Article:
Bazaar of Bad Dreams by Stephen King book review

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  • What is Bazaar of Bad Dreams about?

    Stephen King is the undisputed master of nerve-shredding stories and this collection of short stories shows his impressive versatility. The collection of 20 stories is a mix of old favourites and brand new tales but what makes this book extra special is the insight King gives before each story. The autobiographical prefix sheds light on when, where and how the idea became a reality – fascinating stuff!

    goodtoknow says…

    “I made them especially for you,” says King. “Feel free to examine them, but please be careful. The best of them have teeth.”

    Stephen King can do horror, that much we know from the likes of Carrie and The Shining, and this is a strong thread through this collection, but what is refreshing about this book is the inclusion of more, dare we say it, normal stories. In the introduction King says his principal purpose is to entertain and he does his hardest with a vast mix of stories, themes and characters.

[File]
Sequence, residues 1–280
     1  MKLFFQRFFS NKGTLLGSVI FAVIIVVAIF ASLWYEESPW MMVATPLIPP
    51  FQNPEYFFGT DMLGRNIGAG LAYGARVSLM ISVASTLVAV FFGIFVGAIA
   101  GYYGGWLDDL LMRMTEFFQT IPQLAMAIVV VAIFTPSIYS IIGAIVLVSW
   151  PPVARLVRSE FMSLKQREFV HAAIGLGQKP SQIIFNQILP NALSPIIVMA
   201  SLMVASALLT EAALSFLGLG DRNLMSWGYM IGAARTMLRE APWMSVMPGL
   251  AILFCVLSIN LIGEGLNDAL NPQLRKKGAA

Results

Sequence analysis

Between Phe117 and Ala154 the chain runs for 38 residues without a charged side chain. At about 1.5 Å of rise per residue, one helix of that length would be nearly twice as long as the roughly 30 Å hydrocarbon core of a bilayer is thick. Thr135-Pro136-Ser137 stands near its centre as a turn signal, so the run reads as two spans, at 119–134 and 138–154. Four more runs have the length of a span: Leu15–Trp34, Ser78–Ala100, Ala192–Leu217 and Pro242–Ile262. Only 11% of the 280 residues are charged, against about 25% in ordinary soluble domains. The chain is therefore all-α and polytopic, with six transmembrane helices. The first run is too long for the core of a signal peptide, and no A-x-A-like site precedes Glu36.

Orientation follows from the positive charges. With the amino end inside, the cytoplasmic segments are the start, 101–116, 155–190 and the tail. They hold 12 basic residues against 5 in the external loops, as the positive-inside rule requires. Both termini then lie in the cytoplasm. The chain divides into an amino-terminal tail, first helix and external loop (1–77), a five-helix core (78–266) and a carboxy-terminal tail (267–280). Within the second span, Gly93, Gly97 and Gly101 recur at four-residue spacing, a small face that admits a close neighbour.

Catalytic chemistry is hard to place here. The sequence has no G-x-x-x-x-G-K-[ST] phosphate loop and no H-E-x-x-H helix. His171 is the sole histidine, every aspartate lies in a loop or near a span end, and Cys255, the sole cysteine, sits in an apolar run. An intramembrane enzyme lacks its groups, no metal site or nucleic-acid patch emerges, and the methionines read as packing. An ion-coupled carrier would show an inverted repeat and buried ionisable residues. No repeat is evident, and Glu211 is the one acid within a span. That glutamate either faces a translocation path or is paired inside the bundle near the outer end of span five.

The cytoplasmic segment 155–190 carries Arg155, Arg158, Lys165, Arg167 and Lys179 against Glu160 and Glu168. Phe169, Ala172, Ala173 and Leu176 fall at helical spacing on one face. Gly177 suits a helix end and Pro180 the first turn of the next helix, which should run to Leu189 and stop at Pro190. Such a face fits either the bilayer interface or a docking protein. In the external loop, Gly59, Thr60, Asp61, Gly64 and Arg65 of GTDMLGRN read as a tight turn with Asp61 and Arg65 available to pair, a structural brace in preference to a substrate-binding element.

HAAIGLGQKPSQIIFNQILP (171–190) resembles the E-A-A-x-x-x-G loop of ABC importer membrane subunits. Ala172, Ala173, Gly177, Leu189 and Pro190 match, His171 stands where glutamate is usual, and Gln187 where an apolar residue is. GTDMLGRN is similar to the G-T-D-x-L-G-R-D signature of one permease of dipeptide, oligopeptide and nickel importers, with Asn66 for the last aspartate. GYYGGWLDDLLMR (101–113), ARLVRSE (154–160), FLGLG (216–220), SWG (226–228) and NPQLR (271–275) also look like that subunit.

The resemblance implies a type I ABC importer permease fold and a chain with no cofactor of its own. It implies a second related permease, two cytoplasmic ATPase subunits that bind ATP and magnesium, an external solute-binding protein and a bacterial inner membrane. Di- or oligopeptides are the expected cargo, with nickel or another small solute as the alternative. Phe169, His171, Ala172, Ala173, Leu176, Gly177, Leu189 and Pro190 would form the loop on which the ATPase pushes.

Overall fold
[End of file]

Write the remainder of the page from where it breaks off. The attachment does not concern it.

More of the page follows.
His love of horror fantasy is clear with opening story Mile 81 where a derelict vehicle mysteriously swallows up everything (and everyone) that touches it and with Bad Little Kid, where a mystical evil child haunts a man throughout his life. 

    And while death is a strong theme throughout the stories, some dial back the horror and fantasy to reveal an emotional human side. Batman and Robin Have an Altercation is touching story about a son’s regular lunch trips with his father who is suffering from Alzheimers (with a classic gory King ending, of course!)

    What sets this book apart from King’s other works, and indeed other short story collections, is the in-depth prefixes before each of the stories. Detailed, personal and self-deprecating, King shows that while he might not take himself too seriously, he takes the art of story-telling very seriously indeed.

    Rating: 8/10
    Publisher: Hodder & Stoughton
    Publish Date: 3rd November 2015